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HindustanTimes Tue,23 Sep 2014

Luxury

A tryst with the wild
geetika jain, Hindustan Times
New Delhi, March 05, 2013
First Published: 17:14 IST(5/3/2013)
Last Updated: 16:53 IST(9/3/2013)
A wild elephant guides its calf in Yala, about 250 kilometres south of Colombo, Sri Lanka on Monday, February 26, 2007. According to Sri Lanka's wildlife department, there are about 4,500 elephants roaming the country's forests, of which 150 are killed every year by ivory poachers and farmers who complain their crops are destroyed by the wild animals.

From watching dancing elephants to walking amidst lions, Mana Pools promises a lot of thrills for the footloose.

The mighty Zambezi River separates Zambia and Zimbabwe. There are National parks on both sides, teeming with game. The southern, Zimbabwean side is unspoilt and feels wilder, as there are no permanent camps, just the tented ones that are moved away during the wet season. We settled under canvas and explored the legendary Eden, Mana Pools, where we enjoyed wildlife on drives and on foot.

This might be the only National Park in the world (with serious game) where you can get off your vehicle and go looking for wild animals without a guide or gun. Sounds foolhardy, (and we didn't attempt it without our guide Anthony and his gun) yet the experience of walking amidst wild elephants and lions was thrilling. There are rules, of course, and one has to be careful not to surprise anything that might kill or mangle you from front or behind, above or below. Right off the bat, Anthony warned us as we stood beside a lesser inland river: "Chances of swimming across this and making it to the other side are zero."

While walking, we'd respect the tolerance gap between the animals and ourselves and thankfully the self-preservation instinct remained intact on both sides. "What allows this unusually relaxed arrangement?" you'll ask. Well, it's the terrain for one. Uncluttered floodplains with giant trees and open vistas allow easy spotting and walking. Also, the animals have become accustomed to seeing people on foot. While the herds of eland and impala scampered away when we got too close, the wild dogs, lions and elephants were not threatened by our presence.

THE ELEPHANT WHISPERER
On our most memorable evening, we drove out to an open area dotted with large (Albida) Winterthorn Acacia trees where elephants loitered and crunched dry red pods. Anthony spotted Boswell, a particularly tolerant male tusker. We got off the jeep and slowly walked closer to him, and sat down at the base of a tree. There were five of us. Tusk up and out, he sniffed the group. And then, keeping a watchful eye, he slowly lumbered over, to collect the pods strewn near us. The giant loomed above, and when our eyes locked, it sent a chill up my spine. Two steps forward and his tusk could go through one of us like a knife in a pear. Anthony made a comforting, rumbling sound and whispered, "My big boy. Sh sh sh sh". Boswell probed into the higher branches and then amazingly, hoisted his enormous bulk up till he was standing on his hind legs and reaching impossibly high with his trunk. The giant carried on feeding, making himself ridiculously vertical over and over again as we watched, thrilled at witnessing the manoeuvre and at being accepted at trunk's length.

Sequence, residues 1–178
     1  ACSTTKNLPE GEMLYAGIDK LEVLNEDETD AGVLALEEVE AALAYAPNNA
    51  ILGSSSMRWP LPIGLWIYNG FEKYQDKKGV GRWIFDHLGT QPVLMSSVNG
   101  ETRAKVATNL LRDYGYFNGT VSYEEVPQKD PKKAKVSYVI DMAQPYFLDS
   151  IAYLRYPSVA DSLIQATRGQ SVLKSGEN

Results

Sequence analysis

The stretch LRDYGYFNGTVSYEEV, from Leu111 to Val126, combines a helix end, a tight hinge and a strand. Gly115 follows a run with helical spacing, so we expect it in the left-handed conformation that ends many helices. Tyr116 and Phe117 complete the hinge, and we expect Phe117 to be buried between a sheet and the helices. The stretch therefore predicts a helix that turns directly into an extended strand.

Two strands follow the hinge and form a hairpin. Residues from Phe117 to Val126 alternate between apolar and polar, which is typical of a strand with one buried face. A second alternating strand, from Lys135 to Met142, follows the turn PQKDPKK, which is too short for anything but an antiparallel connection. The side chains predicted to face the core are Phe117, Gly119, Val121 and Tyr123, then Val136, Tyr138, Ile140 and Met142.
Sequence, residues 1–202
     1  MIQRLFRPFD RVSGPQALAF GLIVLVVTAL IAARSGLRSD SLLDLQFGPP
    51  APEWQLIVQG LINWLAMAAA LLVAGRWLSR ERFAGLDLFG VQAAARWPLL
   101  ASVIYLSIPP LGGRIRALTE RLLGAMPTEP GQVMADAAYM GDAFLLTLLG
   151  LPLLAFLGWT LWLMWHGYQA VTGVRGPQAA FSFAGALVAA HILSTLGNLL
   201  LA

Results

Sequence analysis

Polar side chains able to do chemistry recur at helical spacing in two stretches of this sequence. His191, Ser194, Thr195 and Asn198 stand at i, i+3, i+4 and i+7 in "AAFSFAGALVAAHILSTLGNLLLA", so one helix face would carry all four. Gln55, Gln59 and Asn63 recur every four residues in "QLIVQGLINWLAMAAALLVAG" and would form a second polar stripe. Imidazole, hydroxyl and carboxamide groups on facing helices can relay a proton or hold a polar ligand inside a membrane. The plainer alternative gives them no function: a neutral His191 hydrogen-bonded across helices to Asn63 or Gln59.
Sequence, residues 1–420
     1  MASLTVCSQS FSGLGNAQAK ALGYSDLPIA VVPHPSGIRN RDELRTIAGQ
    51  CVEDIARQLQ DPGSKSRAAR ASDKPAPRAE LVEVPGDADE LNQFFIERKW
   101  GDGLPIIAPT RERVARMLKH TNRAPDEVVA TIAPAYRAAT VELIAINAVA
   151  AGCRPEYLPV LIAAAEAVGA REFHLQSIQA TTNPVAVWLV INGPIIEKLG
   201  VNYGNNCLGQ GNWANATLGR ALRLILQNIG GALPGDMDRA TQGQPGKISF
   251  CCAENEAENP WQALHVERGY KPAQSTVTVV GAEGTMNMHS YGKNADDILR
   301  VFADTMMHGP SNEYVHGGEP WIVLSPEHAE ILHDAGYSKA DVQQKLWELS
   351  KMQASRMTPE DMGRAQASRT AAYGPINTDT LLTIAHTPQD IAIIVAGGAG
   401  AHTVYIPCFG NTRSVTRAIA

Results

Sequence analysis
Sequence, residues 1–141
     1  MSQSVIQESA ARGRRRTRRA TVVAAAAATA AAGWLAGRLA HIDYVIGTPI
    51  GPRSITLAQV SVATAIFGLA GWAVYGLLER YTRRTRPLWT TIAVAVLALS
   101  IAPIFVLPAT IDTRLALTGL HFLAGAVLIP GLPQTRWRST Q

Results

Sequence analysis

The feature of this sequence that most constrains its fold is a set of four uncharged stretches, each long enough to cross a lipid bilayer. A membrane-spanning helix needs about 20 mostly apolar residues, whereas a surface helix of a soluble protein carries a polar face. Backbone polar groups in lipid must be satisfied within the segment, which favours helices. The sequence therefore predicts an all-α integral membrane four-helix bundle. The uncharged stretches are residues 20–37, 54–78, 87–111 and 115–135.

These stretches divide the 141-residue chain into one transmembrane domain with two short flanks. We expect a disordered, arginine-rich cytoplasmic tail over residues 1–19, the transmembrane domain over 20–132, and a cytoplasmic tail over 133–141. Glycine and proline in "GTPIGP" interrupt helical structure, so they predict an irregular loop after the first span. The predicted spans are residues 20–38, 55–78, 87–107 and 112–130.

CLOSE ENCOUNTERS
We met other wild elephants that allowed us close. One night, a visitor hovered right next to our tent, helping himself to the pods. We stood outside, pressed against the canvas as he ate his way ever closer till we slid away one by one. Once the hubby walked along a lion pride with two enormous males and sat with them for ages in companionable silence. The tented camp, run by Milo and Sara Harrup, was basic and we were scorched in the day and shivered at night but woke up to beautiful views of the Zambezi and the escarpment beyond. But the experience that stood out was the thrill of walking amidst the big game, and as Anthony delicately put it, in case a lion chased us, he did not have to worry about out-running the lion, but simply out-running us.

Mana at a glance
Mana means four in Shona (a Bantu language, native to the Shona people of Zimbabwe and southern Zambia). The park is named after the four main pools in the area. It is a Unesco World Heritage Site. The unique aspect is that visitors can walk here at their own risk.

PLAN YOUR TRIP:
Best time to go: May to October
How to get there: Many international carriers fly to Harare Airport. Charter a plane to Mana Pools air strip. The drive to the camp is about a 90-minute game drive.
Stay at: Mana Pools Tented Camp, run by Milo and Sarah Harrup. Wake up to spectacular views and delicious food.
Affordable style: Self-catering National Park chalets.
Guides: Anthony Kaschula ant@gonarezhou-bushcamps.com +263 773 819 835
Local legend- Stretch  Fareira runs Goliath Safaris a tented camp. goliath@africaonline.co.zw


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